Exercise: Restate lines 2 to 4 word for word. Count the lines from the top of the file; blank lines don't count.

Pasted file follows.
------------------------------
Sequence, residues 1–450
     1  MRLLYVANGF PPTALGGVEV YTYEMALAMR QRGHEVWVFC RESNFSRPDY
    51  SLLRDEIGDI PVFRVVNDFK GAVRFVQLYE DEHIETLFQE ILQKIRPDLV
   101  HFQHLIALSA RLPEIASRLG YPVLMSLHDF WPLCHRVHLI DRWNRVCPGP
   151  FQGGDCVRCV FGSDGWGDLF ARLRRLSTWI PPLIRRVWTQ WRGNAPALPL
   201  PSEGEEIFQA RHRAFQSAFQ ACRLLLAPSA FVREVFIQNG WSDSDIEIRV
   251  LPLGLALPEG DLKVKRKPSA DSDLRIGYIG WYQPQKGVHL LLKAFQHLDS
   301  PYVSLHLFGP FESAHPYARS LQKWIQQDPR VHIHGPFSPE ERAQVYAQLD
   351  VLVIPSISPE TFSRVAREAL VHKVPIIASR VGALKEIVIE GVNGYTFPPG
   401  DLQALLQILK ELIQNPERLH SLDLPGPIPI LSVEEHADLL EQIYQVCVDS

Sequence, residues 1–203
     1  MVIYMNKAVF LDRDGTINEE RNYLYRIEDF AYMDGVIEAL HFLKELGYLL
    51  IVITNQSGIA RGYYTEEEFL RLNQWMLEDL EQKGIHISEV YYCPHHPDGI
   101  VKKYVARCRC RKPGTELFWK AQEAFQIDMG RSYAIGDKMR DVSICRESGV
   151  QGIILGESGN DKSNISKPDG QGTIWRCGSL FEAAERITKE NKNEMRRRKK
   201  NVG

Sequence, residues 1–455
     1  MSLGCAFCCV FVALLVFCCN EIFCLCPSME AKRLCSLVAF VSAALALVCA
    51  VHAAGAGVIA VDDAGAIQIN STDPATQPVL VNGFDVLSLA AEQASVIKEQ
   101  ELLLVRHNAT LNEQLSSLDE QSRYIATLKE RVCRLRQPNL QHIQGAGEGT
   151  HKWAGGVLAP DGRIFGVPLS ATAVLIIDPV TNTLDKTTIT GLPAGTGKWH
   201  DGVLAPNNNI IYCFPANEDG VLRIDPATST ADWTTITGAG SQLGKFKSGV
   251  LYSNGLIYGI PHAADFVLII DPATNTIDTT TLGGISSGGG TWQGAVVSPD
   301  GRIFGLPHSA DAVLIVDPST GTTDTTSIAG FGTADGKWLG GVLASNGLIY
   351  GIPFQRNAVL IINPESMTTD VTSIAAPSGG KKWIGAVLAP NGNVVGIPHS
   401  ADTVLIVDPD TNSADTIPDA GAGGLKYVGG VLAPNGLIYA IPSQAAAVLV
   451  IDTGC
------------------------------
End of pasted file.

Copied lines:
     1  MRLLYVANGF PPTALGGVEV YTYEMALAMR QRGHEVWVFC RESNFSRPDY
    51  SLLRDEIGDI PVFRVVNDFK GAVRFVQLYE DEHIETLFQE ILQKIRPDLV
   101  HFQHLIALSA RLPEIASRLG YPVLMSLHDF WPLCHRVHLI DRWNRVCPGP